After dinner, we made our way back to the boat where the Captain informed us that due to the full moon and “negative” tide, we could not make it out of the Sea Base harbor that night and would have to instead sleep on the boat while at the marina. The good news was that the A/C would be working since we could stay plugged in! We only missed a short ride out anyway where we would’ve anchored. So this also meant no anchor watch on day 1, which made everyone very happy. After ensuring we had everything we needed, we closed up the cabin (to keep it cool), played a little cards, then slept soundly in the cabin, with one exception. Michael decided to sleep topside and discovered the bugs were quite prevalent since we were near land. Once he equipped himself with proper bug protection, managed to sleep through the night. There were 3 bedrooms on the boat and 3 bathrooms. The captain had his own berth at the front, Jacob and Zack shared one bedroom, Kristina and her son, Isaac, shared the other while Aidan and Caleb slept on the benches around the table. Mr. Bielkiewicz slept on the floor where it was coolest.

Day 3 (Snorkeling) – 6/6/23

We awoke bright and early, had a little breakfast on the boat, and departed the marina around 7am. We made our way out to our first snorkeling site, Alligator Reef. Jacob towed the dive flag and we enjoyed our first Snorkel site where much of it was the crew figuring out exactly the best way to snorkel. The visibility was ok, but the sun wasn’t fully out which hampered it. We did see some fish, and also saw a crew scuba diving below us.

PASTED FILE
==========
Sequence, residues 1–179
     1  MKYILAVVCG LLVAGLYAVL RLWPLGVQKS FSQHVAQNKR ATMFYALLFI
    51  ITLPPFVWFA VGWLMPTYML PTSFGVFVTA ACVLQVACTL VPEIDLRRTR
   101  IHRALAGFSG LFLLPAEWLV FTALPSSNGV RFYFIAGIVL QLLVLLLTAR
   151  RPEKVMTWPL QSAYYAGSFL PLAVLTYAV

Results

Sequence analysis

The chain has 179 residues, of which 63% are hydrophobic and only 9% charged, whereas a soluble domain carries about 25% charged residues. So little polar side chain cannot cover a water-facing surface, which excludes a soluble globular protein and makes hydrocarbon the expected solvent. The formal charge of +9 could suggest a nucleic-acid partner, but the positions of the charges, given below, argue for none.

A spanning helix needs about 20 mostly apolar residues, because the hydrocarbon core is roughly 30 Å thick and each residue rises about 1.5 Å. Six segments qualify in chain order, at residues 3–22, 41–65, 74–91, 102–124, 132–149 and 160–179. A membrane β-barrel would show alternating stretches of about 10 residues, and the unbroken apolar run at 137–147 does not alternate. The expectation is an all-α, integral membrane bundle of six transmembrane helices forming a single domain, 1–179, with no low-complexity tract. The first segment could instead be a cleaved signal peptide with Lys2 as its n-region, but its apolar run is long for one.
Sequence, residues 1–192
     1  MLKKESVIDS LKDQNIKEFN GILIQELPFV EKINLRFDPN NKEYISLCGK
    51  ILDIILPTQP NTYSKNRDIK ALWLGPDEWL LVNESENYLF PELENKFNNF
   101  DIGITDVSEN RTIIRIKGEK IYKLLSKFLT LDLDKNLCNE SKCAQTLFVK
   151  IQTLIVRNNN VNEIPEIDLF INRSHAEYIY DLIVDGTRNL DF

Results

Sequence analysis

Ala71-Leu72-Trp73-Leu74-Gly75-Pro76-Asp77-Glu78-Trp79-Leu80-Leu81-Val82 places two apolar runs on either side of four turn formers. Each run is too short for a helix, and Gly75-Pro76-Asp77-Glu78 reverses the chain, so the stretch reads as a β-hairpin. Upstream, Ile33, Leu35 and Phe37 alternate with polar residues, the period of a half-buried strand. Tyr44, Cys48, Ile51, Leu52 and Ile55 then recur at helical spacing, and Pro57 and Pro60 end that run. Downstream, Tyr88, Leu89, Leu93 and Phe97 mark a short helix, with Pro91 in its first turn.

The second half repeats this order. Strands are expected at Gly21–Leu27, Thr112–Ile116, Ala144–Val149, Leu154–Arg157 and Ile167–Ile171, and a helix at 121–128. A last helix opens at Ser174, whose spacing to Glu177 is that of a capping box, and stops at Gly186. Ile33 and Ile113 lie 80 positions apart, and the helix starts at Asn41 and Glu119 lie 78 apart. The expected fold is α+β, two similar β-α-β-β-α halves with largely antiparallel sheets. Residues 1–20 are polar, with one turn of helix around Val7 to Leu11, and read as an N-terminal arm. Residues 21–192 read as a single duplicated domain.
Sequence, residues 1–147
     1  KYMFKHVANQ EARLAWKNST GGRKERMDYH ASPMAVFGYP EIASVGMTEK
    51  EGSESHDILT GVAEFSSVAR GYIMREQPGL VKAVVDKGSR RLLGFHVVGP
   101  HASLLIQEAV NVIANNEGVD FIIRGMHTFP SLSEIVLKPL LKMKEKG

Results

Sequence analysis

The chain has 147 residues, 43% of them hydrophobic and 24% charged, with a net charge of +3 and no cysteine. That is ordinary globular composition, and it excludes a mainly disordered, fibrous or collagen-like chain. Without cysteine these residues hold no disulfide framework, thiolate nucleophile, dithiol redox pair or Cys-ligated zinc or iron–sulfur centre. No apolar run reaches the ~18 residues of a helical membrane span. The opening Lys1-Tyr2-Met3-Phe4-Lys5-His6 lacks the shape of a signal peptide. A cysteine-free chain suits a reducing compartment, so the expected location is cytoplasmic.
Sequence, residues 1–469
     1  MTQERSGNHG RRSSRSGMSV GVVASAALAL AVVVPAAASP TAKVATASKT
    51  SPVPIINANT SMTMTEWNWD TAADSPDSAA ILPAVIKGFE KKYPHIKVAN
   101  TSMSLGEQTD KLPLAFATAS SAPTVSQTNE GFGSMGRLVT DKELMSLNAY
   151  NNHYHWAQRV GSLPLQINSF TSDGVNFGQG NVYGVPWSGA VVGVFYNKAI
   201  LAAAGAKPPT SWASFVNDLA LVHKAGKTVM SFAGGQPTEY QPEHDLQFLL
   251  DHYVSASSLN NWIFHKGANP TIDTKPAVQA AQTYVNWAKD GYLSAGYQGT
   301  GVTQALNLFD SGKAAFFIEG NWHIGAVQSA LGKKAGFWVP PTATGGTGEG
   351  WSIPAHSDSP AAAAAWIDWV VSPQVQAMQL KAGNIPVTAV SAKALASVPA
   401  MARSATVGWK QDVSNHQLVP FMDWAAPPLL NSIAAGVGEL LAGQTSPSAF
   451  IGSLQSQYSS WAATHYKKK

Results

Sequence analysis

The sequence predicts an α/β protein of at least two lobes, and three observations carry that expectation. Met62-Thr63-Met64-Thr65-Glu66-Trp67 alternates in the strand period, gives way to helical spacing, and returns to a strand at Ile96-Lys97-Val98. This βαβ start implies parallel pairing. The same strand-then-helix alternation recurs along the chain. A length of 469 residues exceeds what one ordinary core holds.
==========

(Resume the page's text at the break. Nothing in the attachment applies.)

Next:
We then moved on and motored to Donut Reef, however there were no mooring balls available, so we skipped it and moved on to Hens and Chickens. The current was quite strong here and visibility not the greatest, however we saw more marine life, including 2 large Spotted Eagle Rays.

We then made our way to Tavernier Bight where we anchored for the night. The previous week, the motor for the anchor went out so it had to be let out and pulled back in manually. The Captain taught our boys how to do this successfully and it was quite the adventure to get the anchor down just right. Once we were sure the anchor was secure, Aidan decided to jump in for a short swim and decided to try to climb the side of the boat where he infamously injured his knee. A hobbled Aidan climbed back in the boat properly and we then cooked dinner – the suggested menu had pasta on it, however we couldn’t find any pasta sauce so we opted for Mac ‘N Cheese with hot dogs mixed in. What’s a Boy Scout trip without Mac ‘N Cheese at least one night? After dinner, some opted to fish and Kristina caught 4 fish and Caleb caught 3. None worth keeping, so we tossed them back and then bunkered down for the night, our first with anchor watch. Fortunately, anchor watch was uneventful tonight as we mostly started at the shore not too far away and the other boats anchored around us.

Day 4 (More Snorkeling and Crazy Night) – 6/7/23